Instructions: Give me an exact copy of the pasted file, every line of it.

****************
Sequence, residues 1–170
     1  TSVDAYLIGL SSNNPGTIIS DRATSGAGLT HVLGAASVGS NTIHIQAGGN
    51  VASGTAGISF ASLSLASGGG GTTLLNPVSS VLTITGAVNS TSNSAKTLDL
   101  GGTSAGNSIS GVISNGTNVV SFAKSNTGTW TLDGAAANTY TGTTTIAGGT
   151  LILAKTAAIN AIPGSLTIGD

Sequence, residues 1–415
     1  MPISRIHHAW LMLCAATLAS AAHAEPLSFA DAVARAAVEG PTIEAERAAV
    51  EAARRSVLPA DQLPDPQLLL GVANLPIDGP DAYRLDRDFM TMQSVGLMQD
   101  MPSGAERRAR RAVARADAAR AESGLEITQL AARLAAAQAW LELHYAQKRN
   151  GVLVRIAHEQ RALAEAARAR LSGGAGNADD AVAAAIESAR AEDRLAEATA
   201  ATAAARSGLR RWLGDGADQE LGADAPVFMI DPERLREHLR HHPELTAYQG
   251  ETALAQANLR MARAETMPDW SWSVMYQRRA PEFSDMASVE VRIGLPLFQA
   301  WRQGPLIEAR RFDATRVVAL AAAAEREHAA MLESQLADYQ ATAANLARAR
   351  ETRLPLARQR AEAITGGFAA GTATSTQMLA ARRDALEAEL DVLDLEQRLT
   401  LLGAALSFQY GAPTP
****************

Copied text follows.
Sequence, residues 1–170
     1  TSVDAYLIGL SSNNPGTIIS DRATSGAGLT HVLGAASVGS NTIHIQAGGN
    51  VASGTAGISF ASLSLASGGG GTTLLNPVSS VLTITGAVNS TSNSAKTLDL
   101  GGTSAGNSIS GVISNGTNVV SFAKSNTGTW TLDGAAANTY TGTTTIAGGT
   151  LILAKTAAIN AIPGSLTIGD

Sequence, residues 1–415
     1  MPISRIHHAW LMLCAATLAS AAHAEPLSFA DAVARAAVEG PTIEAERAAV
    51  EAARRSVLPA DQLPDPQLLL GVANLPIDGP DAYRLDRDFM TMQSVGLMQD
   101  MPSGAERRAR RAVARADAAR AESGLEITQL AARLAAAQAW LELHYAQKRN
   151  GVLVRIAHEQ RALAEAARAR LSGGAGNADD AVAAAIESAR AEDRLAEATA
   201  ATAAARSGLR RWLGDGADQE LGADAPVFMI DPERLREHLR HHPELTAYQG
   251  ETALAQANLR MARAETMPDW SWSVMYQRRA PEFSDMASVE VRIGLPLFQA
   301  WRQGPLIEAR RFDATRVVAL AAAAEREHAA MLESQLADYQ ATAANLARAR
   351  ETRLPLARQR AEAITGGFAA GTATSTQMLA ARRDALEAEL DVLDLEQRLT
   401  LLGAALSFQY GAPTP